Published Friday, 04 July 2014
George Hamilton spoke to UTV after the Orange Order was stopped from marching past the Ardoyne shops on the Twelfth night.
The Parades Commission has determined that the outward route along the Crumlin Road will be permitted with restrictions on the morning of 12 July, as it happened last year.
Unionists and loyalists have reacted angrily to the watchdog's decision.
"Let me be very clear," the police chief said. "We will uphold this determination. If people breach the determination and involve themselves in disorder, where appropriate they will be arrested, we will take the case to the Public Prosecution Service and people will end up in court.
"Of the 698 people we've charged or reported through the flags protests and the disorder last summer there has been a conviction rate of 98%.
"We don't want to criminalise young people from any community but we have to be very clear - there are consequences for people's actions and if they step outside of the law, we will do what the police are expected to do and enforce the law."
I am telling people if they break the law they will be brought to justice.
The watchdog on Thursday barred the return march past the interface which separates unionist and nationalist areas - a decision which the Orange Order has slammed as "preposterous".
In recent years the area has become a flashpoint for serious rioting.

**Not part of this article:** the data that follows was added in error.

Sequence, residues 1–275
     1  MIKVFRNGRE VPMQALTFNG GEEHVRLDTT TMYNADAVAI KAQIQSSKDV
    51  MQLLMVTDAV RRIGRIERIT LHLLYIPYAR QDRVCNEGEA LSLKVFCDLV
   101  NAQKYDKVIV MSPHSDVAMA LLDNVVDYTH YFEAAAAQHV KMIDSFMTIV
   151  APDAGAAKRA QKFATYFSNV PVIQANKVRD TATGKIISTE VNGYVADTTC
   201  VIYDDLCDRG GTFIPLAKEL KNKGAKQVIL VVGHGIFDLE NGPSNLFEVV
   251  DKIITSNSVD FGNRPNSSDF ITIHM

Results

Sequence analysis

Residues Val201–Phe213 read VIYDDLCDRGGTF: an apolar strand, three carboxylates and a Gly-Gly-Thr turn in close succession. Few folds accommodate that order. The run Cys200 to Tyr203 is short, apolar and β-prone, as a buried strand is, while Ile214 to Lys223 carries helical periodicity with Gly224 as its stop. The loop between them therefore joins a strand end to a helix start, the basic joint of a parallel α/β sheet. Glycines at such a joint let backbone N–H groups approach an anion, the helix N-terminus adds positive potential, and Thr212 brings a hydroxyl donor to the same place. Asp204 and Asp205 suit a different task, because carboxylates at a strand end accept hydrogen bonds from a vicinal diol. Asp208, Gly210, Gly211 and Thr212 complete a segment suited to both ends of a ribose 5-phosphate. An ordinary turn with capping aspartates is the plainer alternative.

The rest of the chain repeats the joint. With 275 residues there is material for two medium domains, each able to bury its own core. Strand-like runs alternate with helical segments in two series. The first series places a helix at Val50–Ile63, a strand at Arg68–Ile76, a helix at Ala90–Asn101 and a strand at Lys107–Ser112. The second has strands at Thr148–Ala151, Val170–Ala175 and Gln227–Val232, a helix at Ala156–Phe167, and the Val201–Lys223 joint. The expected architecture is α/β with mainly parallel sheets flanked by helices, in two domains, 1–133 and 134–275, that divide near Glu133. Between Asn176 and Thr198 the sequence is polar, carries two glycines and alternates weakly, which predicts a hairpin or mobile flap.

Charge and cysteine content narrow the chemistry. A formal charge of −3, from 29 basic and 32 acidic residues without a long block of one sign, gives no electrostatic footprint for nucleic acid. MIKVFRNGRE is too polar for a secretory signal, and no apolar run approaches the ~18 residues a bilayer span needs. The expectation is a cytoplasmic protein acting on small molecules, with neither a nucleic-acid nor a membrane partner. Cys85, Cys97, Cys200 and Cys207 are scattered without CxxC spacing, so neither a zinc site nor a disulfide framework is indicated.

Loyalist violence broke out after the parade was stopped from returning along the road last year, while a protest has been ongoing at the Twaddell camp over the 2013 decision.
Chief Constable George Hamilton insists that trouble this summer is not inevitable.
He continued: "You just need to look back at the past two parade seasons on the Twelfth at Ardoyne when we saw serious disorder, so it's a reasonable assessment for us to plan around the possibility that there could be disorder - but it is not inevitable.
"I would encourage anybody with influence to try and make sure tension is reduced."
Unionist leaders walked out of talks at Stormont on Thursday after the Parades Commission ruling was made, and issued a joint statement calling for peaceful action from the PUL community.
Mr Hamilton has welcomed calls for calm from all five Executive parties but said it is important that the message is passed down to "community level".
He continued: "I think the political leadership is there and that is reassuring however the challenge is getting that drilled down to community level so that communities are taking it upon themselves to exercise the restraint that is being encouraged by their political leaders.
"Young people who don't have convictions today, if they operate outside of the law over the Twelfth period there is a very good chance they will end up in court with a conviction. That has implications for them in relation to employment and travel opportunities and all sorts of things.
"The community policing aspect of this is, I am telling people we don't want to do that but we are going to do our jobs, so they have choices to make - people need to be responsible for the consequences of their own actions."
© UTV News